Crime rate falls in Kuvukiland

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Tsumeb

Residents of the biggest informal settlement in Tsumeb, Kuvukiland, say criminal activities in the area have decreased significantly in recent months after countless clean-up operations undertaken by the police and members of the neighbourhood watch.

According to local residents, Kuvukiland used to be a hide-out for criminals that would commit crimes in the central business district of the town, as well as residential areas, and then disappear into the residential area until the heat has subsided.

Alfues Haneb, a neighbourhood watch member, said over the last three months they reported fewer criminal activities in the area, only about three of which were serious crimes.

Haneb and others took it upon themselves to help the police to report and investigate crimes within their neighbourhood after cases of rape, assault and murder were frequently reported.

An elderly woman, Edna Garises, who has been living in Kuvukiland for the past three years told of several incidents in which she had been assaulted and robbed off food and water at her shack. She said it was difficult in the past to report crimes, as there is no police station nearby and those living there would conceal the names of the perpetrators.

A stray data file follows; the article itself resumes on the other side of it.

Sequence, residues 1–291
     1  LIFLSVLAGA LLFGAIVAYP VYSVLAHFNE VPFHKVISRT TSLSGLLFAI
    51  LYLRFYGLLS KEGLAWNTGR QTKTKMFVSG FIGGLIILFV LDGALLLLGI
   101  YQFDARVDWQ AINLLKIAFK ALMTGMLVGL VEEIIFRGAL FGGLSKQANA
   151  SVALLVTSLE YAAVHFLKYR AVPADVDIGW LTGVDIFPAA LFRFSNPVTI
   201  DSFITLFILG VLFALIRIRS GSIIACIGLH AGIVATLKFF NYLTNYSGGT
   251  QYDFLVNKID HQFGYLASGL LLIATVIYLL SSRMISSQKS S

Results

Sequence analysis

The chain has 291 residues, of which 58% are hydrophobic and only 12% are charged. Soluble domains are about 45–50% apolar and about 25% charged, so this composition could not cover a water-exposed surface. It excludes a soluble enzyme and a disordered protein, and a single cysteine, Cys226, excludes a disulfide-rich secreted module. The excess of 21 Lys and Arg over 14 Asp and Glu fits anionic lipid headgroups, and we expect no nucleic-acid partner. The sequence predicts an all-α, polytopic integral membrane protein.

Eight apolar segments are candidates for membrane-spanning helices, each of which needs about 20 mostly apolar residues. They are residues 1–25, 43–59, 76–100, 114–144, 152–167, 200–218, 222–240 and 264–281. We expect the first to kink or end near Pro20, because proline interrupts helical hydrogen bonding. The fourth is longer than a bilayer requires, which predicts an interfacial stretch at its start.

“Since the network of neighbourhood watch and policemen and women started, criminals are very hesitant to commit crimes, as by now their faces are known,” she said. She further noted that through the network she is able to rapidly report crimes to the police as the neighbourhood watch tend to alert the police very quickly.

“The men are even scared to rape the girls, as the police are alerted very quickly” she said.

Chief Inspector Stephan Nuuyi, who is responsible for community affairs in the Oshikoto Region, said the establishment of community-based policing groups has significantly reduced criminal activity – although he was unable to provide statistics.

Nuuyi said community involvement in fighting crime is crucial, as criminals are often known to the local community. “They know who the criminals are and they definitely help us a lot, because we’re alerted promptly when a crime happens,” Nuuyi said. He noted with satisfaction that networks of community policing have also been formed at surrounding and nearby farms.

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